Sometimes you just have to wonder what Members of Congress are thinking about.
Consider the example of a bill known as H.R. 4018. First filed last November with only five co-sponsors. By mid-December the co-sponsor list grew to 24 representing districts in seven states. Most notably, 10 Florida Representatives signed on as co-sponsors sponsors that are both Democratic and Republican, Black, Latino and Anglo.
And who would object to a bill with the title, the “Consumer Protection and Choice Act”? What’s not to like?
The bill is designed to severely limit the Consumer Financial Protection Bureau’s (CFPB) ability to rein in predatory lending like car-title, payday and high-cost installment loans. For consumers, the only ‘choice’ is to allow unsuspecting borrowers to select loans from any number of debt trap products.
If passed, the bill would both sanction triple-digit interest rates and the excessive rollover loans that convert short-term loans into long-term debt traps. It would also undermine stronger state laws that brought consumer victories to a diverse set of states including Arizona, Ohio, North Carolina, Virginia and others. Since the late 2015 Capitol Hill introduction, advocates in multiple states already find themselves fighting efforts to weaken enacted state protections.
It is clear the payday industry is pushing hard to undermine key consumer protections. Americans for Financial Reform, a nonprofit consumer advocacy organization determined that since 2013, payday lenders have spent $13 million on campaign donations and lobbying.
The good news is that consumer advocates in many states are helping to fuel a barrage of media coverage. In California, Missouri, Michigan, Pennsylvania and other locales, news articles, commentary and editorials are singing of chorus of ills against H.R. 4018.
This elevated attention has led to calls for Florida’s Rep. Debbie Wasserman Schultz to resign her post as chair of the Democratic National Committee. Rep. Alcee Hastings, co-chair of the Florida delegation, an original bill sponsor and member of the Congressional Black Caucus, used a guest blog in the Huffington Post to defend the measure both he and Ms. Wasserman Schultz support.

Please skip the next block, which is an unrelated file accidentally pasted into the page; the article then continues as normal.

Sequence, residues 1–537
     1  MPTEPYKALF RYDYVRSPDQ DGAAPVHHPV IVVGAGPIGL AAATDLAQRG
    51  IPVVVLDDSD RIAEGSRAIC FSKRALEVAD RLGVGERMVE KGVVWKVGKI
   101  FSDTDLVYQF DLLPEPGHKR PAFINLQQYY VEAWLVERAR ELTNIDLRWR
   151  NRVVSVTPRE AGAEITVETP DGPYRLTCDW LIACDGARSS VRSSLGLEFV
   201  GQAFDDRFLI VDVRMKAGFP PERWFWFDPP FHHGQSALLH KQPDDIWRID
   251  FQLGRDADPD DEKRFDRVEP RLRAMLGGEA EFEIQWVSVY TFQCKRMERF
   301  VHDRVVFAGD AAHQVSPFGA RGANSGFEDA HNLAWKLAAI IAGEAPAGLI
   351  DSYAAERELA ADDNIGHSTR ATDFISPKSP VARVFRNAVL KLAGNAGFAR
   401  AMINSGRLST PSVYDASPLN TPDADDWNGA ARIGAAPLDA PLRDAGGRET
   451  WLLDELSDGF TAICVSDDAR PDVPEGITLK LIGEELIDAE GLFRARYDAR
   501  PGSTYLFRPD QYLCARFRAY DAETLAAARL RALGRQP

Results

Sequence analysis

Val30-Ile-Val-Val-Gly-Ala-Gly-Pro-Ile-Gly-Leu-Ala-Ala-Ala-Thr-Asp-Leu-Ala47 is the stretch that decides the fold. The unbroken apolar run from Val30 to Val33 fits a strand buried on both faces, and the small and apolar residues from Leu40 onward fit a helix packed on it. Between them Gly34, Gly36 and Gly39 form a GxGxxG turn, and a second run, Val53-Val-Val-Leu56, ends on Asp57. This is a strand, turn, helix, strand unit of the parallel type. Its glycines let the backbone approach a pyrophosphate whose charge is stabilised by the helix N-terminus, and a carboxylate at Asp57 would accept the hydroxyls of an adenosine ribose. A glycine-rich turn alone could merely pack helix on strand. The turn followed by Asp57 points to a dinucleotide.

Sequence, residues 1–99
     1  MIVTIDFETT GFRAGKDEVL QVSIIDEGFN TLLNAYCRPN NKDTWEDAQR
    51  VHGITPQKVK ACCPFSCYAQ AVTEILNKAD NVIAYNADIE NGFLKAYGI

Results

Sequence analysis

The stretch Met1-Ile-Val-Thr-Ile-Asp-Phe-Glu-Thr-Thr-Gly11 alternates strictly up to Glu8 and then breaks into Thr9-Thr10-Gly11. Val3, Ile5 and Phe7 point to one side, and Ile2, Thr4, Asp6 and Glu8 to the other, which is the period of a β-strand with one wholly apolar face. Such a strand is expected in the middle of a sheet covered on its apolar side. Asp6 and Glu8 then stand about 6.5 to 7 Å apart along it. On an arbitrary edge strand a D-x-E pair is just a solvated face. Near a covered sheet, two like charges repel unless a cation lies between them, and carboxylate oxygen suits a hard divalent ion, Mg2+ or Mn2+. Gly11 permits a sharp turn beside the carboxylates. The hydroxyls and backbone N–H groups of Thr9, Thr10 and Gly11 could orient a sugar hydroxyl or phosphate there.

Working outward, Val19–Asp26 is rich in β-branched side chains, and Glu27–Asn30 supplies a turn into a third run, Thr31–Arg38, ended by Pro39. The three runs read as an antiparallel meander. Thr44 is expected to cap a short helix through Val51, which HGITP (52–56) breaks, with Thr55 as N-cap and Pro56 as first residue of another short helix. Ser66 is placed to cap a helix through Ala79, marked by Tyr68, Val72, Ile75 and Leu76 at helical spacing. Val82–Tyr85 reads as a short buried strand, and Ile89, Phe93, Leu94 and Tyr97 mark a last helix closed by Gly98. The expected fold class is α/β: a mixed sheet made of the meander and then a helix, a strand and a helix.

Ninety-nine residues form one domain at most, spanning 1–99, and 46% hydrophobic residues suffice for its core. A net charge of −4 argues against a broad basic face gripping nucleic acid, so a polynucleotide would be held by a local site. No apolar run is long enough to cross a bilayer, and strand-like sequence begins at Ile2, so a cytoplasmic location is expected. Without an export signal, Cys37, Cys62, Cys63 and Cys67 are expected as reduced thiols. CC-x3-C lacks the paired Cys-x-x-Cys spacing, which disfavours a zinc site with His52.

“I acknowledge that some people have been harmed by small lenders,” wrote Rep. Hastings. “Yet such cases are far more common in areas that lack the tough standards present in Florida.”
It is simply inaccurate to characterize Florida’s laws governing payday loans as ‘tough’. According to the Center for Responsible Lending, the costs of payday loans in Florida reach upwards of 300 percent. Sunshine State data show that on average, Florida payday loan borrowers are suck in eight loans a year, generally one right after another. These consumers are caught in a debt trap that largely resembles other states with weak or ineffective laws.
“If the Consumer Financial Protection Bureau (CFPB), moves forward with implementing the current rules they have proposed, it would put 70 percent of the industry out of business,” continued Rep. Hastings.
That too is untrue. Once CFPB’s rule is finalized, consumers will still have access to small dollar loans – but in a changed marketplace. The worst lenders will face their own choice: change their practices or exit the market. CFPB should be applauded for giving lenders a chance to change.
Payday, car-title or high-cost installment loans affect millions of consumers each year. People who needed only a few hundred dollars become trapped in costly and lengthy predatory loans that worsen – not improve financial dilemmas.
Whether by regulation or legislation, it is time to break this cycle of debt that harms all borrowers and disproportionately affects communities of color.
A broad coalition of concern comprised of more than 250 state and local advocate and national organizations including the NAACP, made an unprecedented appeal to Members of Congress.
“This harmful bill would limit the CFPB’s ability to protect all consumers against high-cost payday, car title, and installment loans,” wrote the coalition. “
When it comes to predatory lending, maybe it’s time to remind some members of whom they represent.